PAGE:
First and Second Edition allowed mundanes to learn Conjuring; treating it as the inapplicable theory and knowledge behind the skill rather than any actual ability. In Third and Fourth editions, this academic aspect of Conjuring is covered by knowledge skills such as Conjuring Background, Magic Background, and Spirits.
The Conjuring Skill governs the calling and banishing of spirits. Only characters with a Magic Attribute of 1 or greater can have this skill.
Anyone who knows the true name of a free spirit can enslave it through use of Conjuring Skill. ... Even a non-magician can try this stunt if he knows Conjuring.
The power of a free spirit's true name is such that anyone, even a mundane, can use the power of that true name to attempt to summon and bind the free spirit. In First and Second edition, mundanes could even learn Conjuring and use that skill to increase their chances of binding the spirit. In Third edition, however, the mundane has only the power of the free spirit's True Name (or chain in the case of a ghost) to bind it with, limiting their success to the weakest of free spirits...or the greatest of luck.
(gm1, 92)(gm2, 77)
Conjuring Skill can enslave a Free Spirit if the conjuror knows the Spirit's true name. Anyone who knows Conjuring can pull this off, whether they can conjure Spirits or not.
(gm1, 93)(gm2, 78)
Particularly single-minded (some say obsessive) magicians and mundanes have been known to learn Conjuring for a specific spirit and spend years seeking its true name in order to use their Specialization.
A magician (or even a mundane) in possession of a ghost's chain can attempt to bind it as if it were a free spirit.
The powerful magic of the spirit's formula allows anyone-including mundanes-to summon a free spirit and, with a proper ritual, to bind it.
The process in Fourth edition differs somewhat: the summoner-mundane or otherwise-can summon the spirit immediately and without effort provided they have a copy of the spirit formula by concentrating on the spirit it represents. After this, the spirit must perform a ritual to bind the spirit; the number of tasks the spirit is compelled to perform is equal to the success of said ritual. Magicians with the Binding Magical Active Skill have an edge in these sort of tests, which generally restricts mundanes to the weaker spirits or exceptional luck. The ritual may be performed repeatedly to keep the free spirit in service (and prevent it from directly attacking the summoner).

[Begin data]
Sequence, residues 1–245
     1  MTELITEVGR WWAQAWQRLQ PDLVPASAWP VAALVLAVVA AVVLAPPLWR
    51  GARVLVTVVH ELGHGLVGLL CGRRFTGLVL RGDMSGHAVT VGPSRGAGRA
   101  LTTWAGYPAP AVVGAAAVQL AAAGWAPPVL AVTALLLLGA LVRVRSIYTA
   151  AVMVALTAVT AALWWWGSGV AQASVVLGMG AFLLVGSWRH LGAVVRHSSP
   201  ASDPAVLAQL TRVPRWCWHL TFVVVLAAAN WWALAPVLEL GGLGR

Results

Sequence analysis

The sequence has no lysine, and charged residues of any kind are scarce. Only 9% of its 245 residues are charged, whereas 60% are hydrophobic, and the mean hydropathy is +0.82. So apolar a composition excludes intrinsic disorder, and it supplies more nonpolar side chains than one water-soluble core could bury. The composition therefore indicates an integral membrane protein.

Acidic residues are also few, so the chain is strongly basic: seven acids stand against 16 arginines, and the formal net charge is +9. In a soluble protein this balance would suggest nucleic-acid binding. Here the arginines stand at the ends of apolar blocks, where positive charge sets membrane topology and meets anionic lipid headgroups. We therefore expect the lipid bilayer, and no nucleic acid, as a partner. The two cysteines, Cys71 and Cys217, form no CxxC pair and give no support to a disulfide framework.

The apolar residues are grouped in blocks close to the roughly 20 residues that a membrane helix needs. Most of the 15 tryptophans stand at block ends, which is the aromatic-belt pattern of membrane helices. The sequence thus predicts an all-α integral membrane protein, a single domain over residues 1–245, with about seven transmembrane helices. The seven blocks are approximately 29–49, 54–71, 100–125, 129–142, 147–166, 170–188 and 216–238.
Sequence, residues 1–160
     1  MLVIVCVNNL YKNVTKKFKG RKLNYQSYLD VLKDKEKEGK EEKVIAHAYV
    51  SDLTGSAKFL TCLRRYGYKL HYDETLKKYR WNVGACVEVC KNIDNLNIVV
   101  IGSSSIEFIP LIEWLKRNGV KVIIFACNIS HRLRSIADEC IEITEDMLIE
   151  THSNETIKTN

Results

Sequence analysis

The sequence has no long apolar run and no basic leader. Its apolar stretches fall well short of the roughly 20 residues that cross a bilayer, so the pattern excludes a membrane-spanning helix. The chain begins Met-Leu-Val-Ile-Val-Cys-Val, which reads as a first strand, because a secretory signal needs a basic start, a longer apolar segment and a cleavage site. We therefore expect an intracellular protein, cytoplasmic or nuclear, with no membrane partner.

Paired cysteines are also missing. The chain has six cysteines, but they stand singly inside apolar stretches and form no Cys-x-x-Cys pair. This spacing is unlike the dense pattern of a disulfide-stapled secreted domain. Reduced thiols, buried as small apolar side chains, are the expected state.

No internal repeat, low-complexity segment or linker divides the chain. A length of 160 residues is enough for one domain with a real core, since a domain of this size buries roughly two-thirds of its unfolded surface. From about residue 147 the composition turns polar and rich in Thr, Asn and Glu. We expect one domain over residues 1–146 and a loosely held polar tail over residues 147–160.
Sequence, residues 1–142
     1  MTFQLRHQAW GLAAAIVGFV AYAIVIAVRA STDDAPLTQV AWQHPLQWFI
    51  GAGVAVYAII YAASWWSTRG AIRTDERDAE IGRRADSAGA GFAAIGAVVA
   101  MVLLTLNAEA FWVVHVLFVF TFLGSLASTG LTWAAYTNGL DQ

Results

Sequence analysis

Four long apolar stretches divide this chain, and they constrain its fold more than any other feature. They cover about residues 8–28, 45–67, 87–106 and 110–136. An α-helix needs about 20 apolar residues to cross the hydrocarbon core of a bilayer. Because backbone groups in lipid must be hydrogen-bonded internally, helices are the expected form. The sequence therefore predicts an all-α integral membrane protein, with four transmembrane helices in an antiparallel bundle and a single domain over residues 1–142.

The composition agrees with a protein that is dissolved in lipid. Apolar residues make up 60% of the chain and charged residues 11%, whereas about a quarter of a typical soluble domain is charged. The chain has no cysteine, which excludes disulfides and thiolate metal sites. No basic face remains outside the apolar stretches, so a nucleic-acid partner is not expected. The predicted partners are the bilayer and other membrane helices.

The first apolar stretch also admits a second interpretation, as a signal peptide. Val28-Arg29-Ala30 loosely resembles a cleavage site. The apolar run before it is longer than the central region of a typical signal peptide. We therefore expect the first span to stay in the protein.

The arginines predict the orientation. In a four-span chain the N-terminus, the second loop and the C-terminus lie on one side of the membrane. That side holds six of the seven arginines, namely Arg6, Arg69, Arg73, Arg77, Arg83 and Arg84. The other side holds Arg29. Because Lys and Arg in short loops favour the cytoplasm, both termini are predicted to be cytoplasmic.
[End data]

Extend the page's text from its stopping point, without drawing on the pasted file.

A character with Conjuring Skill can try a simple ritual to improve this ratio, even if the character cannot use the skill for other purposes. ... Mundanes and adepts can only increase their own Karma-transfer ratios using their Conjuring Skill under these circumstances...
Free spirits require karma to grow in strength and power, which they elicit from others in the form of bargains: the spirit completes a service, the mortal pays them karma. All of those who seek such bargains are not equal, though: magicians transfer karma much more easily and for less than adepts, and adepts are far better conduits for karma than mere mundanes. To lessen these harsh fees, characters with Conjuring can perform a simple ritual to improve the ratio. In First and Second edition, a mundane could learn Conjuring and perform this ritual themselves; but in Third edition they had to rely on a magician to perform the ritual for them...if they underwent it at all.
(gm1, 91)(gm2, 77)
In Fourth edition, feeding Karma to a spirit requires either a Spirit Pact with said spirit, or a copy of the spirit formula.
Sorcery and Astral Combat
Mundanes have no use for the Sorcery Skill, because it is based entirely on the manipulation of energies that they cannot access. While it is theoretically possible for a mundane to learn the Sorcery Skill, it would be extremely difficult to do so without any way to practice what he or she learns.
The few mundanes who bother to learn Sorcery often choose to learn ritual magic.
The Sorcery Skill governs the control of magical energy, usually in the form of spells. Only characters with a Magic Attribute of 1 or greater can have this skill.
Even characters who cannot normally cast spells may use Sorcery in Astral Combat. It is for this purpose that physical adepts and others who might face Astral Combat often study Sorcery.
In First and Second edition, Sorcery could be learned by mundanes who wanted an edge in astral combat...how they planned on accessing the Astral Plane is another story. In Third and Fourth editions, mundanes cannot learn Sorcery at all.
As a further option, a character can use Conjuring Skill in Astral Combat with Spirits, and he can use Enchanting Skill in combat with focuses.